When I sat down to write this article I considered several titles; Not All Plastic is Created Equal, Don’t Take it Personally, Swiping Your Way Into Chapter 7, and several others that aren’t worth mentioning. I chose the one with the word “Collide” because that’s how many small business owners feel when they make the mistake of mismanaging their small business credit card accounts.
What many small business owners don’t realize is that when they apply for small business credit cards they are really applying for personal credit cards. The difference is that the business card has your company’s name emblazoned across the front, which is structurally meaningless. This gives the impression that the card’s liability is assigned solely to the business. Nothing could be further from the truth.
When you applied for your small business card, sometimes called a commercial card, you filled out an application. And, within that application is what’s referred to as a “PG” or personal guarantee. What those two words mean is that you, not the business, are on the hook for the payment of any debts incurred on that card, regardless of who incurs them.
As a general practice most small business credit card issuers do not proactively report your account activity to the three national consumer credit reporting agencies, Equifax, Experian and TransUnion, as long as the account is in good standing. There are, of course, always exceptions to this rule and the only way to truly confirm if your small business debts are bleeding over into your personal credit reports is to check them periodically, which you can do for free at www.annualcreditreport.com.
What is almost a certainty is if you default on your business credit cards issued by a lender with whom you’ve signed a personal guarantee, the record of default will be reported to your personal credit reports in the amount of time it takes to boil an egg. When this happens the defaulted debt then comports with all of the rules that govern the reporting of personal debt to a consumer credit-reporting agency. Most notably, the reporting of the defaulted debt will remain on your personal credit reports for seven years from the date of the terminal delinquency, which is normally the date the lender wrote off the debt as “uncollectable.”
At this point the negative credit reporting will have a serious impact on your personal credit scores, unless your personal credit is already in the dumps because of other unrelated defaults. This means lower credit scores, and right now isn’t the time to have lower scores because lenders, both personal and business, have tightened their lending standards in reaction to both economic and legislative changes. Credit scoring systems, while amazingly sophisticated, are not designed to exclude small business debts. Point being, if they’re on your personal credit reports they’re fair game to any and all credit scoring systems.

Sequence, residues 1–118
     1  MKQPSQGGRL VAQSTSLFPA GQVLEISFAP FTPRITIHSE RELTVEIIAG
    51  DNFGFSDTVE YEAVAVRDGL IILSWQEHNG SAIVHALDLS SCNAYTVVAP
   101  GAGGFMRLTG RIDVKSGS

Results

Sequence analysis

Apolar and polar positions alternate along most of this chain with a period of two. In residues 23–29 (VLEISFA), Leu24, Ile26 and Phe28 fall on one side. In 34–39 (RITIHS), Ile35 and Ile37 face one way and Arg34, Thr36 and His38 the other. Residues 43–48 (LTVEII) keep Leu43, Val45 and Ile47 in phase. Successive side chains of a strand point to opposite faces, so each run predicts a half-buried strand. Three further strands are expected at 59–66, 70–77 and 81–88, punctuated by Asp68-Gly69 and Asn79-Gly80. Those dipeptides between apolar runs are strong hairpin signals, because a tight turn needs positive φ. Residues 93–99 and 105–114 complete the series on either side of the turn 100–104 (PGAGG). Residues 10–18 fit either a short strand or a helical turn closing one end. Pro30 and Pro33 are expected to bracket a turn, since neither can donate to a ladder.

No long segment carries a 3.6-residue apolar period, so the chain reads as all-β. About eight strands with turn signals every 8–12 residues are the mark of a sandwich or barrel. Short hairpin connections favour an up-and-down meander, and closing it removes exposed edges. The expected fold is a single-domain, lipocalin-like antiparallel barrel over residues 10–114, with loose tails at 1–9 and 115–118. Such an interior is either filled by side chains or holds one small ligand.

To make matters worse, the collection efforts of the spurned lenders are also going to be reflected on your personal credit reports. Generally lenders will first attempt to collect defaulted debts internally, usually with staff collection personnel. If this proves unsuccessful then their next step would be to enlist the assistance of a 3rd party debt collector. The lender would either sell them debt or consign them responsibility of collecting the debt in exchange for a share of recovered monies. Under either circumstance a record of the collection activity would also be reported to the consumer credit reporting agencies.
If collection agency or debt buyer efforts are still unsuccessful then their next step could be litigation. Collection attorneys have become very aggressive in their efforts to collect defaulted credit card debt and while you can ignore phone calls and collection letters, it’s hard to ignore a process server who is delivering a lawsuit complaint. In fact, if you do choose to ignore the lawsuit you’ll lose by default and the lender will now have what’s referred to as a default judgment against you.
The default judgment, which is also likely to end up on your personal credit reports, gives the Plaintiff the ability to pursue what’s referred to as a garnishment. Under garnishment the Plaintiff can ask the court to order deductions from your wages until the entire debt has been paid. This, of course, assumes that you’re gamefully employed.
See what I mean about using the word “Collide” in the title?
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